A trio of replicas stood in for the long-gone originals.
Celebrate Mazda’s 100th anniversary with this mega gallery of archival images
Just as Peugeot started out with coffee mills and pepper grinders, a century ago Mazda emerged from being a humble cork producer in Hiroshima. Life was simpler then; yet on January 30, 1920, the company was taken over by Jujiro Matsuda, who founded Toyo Cork Kogyo, a business that would soon turn towards tool production. Renamed Mazda, the manufacturer’s first vehicle, the three-wheeled Mazda Go, went on sale in 1931. And with Mazda’s engineers showing off their innovative side early on, by 1938, the tiny truck was upgraded with a four-speed gearbox, which reduced its fuel consumption by 20 percent.
Then came WWII and the nuclear blasts on Japan, which destroyed most of Hiroshima and Nagasaki. Remarkably, Mazda managed to resume truck manufacturing only a few months after the devastation, and the success of its commercial vehicles ultimately led to its daring entry into the car world—1960’s Mazda R360.
Following the 360’s glorious debut, Mazda decided to dial up its ambitions a notch. In 1961, the Japanese kei car company signed a licensing deal with German carmaker NSU for its new, compact and lightweight rotary engine based on Felix Wankel’s design. With that, the genie was out of the bottle, and Mazda wouldn’t rest until the rotary was perfected to meet its standards.
The futuristic Mazda Cosmo Sport 110S debuted in 1967, becoming the world’s first series-production rotary car. Numerous Wankel-powered sports cars and sedans were to follow, including three generations of the much-loved RX-7. In 1991, Mazda went on to become the first Asian manufacturer to win the 24 Hours of Le Mans, with the four-rotor 787B Group C prototype, the only car to use a non-piston engine for this feat.
Mazda kept the rotary flame alive until 2012 in the nose of its RX-8 sports car, and still refers to the technology as something that could make a comeback, possibly as part of an electrified drivetrain. However, while we wait for Mazda’s endlessly teased innovations in this field, let’s not forget about its more realistic ones from the past.
Having carefully analyzed what made Colin Chapman’s Lotus Elan so special without the aid of big power, Mazda launched the world’s favorite affordable roadster, the MX-5 Miata, in 1989. To put it mildly, this soft-top model set a new benchmark in lightweight engineering and the driving fun resulting from it. Today, it continues to do just that—in its fourth generation, yet still in the same weight class as three decades ago.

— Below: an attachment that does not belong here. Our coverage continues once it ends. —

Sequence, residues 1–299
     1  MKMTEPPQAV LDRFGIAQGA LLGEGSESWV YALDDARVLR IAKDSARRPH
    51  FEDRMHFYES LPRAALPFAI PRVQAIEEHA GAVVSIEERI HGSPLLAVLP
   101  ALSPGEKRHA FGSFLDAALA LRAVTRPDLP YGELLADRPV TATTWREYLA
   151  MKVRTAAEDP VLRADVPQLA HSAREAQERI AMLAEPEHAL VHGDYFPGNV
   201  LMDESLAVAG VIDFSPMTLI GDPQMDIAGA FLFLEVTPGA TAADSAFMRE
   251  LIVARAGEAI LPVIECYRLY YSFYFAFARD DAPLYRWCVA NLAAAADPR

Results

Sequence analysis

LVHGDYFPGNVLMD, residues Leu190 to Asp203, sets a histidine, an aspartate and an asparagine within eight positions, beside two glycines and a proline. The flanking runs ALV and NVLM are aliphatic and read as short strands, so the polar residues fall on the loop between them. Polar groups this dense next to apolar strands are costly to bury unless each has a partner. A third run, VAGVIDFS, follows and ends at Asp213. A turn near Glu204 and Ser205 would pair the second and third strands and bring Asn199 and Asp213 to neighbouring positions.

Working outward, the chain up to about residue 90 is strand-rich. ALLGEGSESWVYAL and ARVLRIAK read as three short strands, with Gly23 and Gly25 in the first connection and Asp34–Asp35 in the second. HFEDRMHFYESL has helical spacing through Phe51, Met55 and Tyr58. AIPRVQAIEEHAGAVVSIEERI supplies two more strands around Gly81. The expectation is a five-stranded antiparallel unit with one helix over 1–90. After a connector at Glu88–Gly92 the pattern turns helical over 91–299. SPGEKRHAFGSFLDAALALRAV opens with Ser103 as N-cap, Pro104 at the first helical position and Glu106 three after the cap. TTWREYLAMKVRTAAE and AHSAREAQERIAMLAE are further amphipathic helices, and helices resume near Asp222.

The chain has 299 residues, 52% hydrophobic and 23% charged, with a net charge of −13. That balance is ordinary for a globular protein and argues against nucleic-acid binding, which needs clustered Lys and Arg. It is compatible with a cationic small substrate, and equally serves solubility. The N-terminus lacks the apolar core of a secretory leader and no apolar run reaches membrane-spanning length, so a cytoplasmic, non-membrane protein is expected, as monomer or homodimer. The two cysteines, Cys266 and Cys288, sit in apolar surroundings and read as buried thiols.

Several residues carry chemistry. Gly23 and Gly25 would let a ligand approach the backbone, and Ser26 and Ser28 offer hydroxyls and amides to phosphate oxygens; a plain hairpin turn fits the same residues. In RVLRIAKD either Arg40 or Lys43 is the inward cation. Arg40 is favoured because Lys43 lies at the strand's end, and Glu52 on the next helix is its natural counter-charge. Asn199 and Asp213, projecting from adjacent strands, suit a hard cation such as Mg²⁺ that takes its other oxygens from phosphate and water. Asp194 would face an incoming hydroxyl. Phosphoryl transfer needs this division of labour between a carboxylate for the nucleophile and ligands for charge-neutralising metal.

It’s worth remembering that for those Japanese customers who found an MX-5 way too wide to park, the team behind the original roadster also came up with the kei-class Autozam AZ-1. This mid-engine gullwing wonder was actually born from an abandoned Suzuki project, saved by Mazda and sold under its Autozam brand, still produced by Suzuki.
More recent Mazda innovations include its universally-applied brake energy regeneration based on the lightweight capacitor technology; the world’s first production compression ignition gasoline engine, known as the Skyactiv-X; and the brand’s first electric car named MX-30, coming to a driveway near you with suicide doors and a lower driving range that’s arguably better for our planet.
With all those modern Mazda hatchbacks, sedans, wagons, crossovers, and Miatas zoom-zooming and bringing Jinba Ittai to people all over the world, one thing is for sure. A hundred years into this game, Mazda’s lineup still manages to stand out from the crowd, simply by being fun to drive, reasonable on fuel, and looking the part at any speed. There’s really not much more I would ask from a car.
However, when it comes to Mazda’s colorful history, we were only scratching the surface here. If you wish to dive deeper into the topic, please go ahead and scroll through the following gallery, which contains dozens of images from Mazda’s archives. It showcases the ideas that worked, some that did not, and the people who made the company into what it is today. And all of it began in a cork factory a century ago.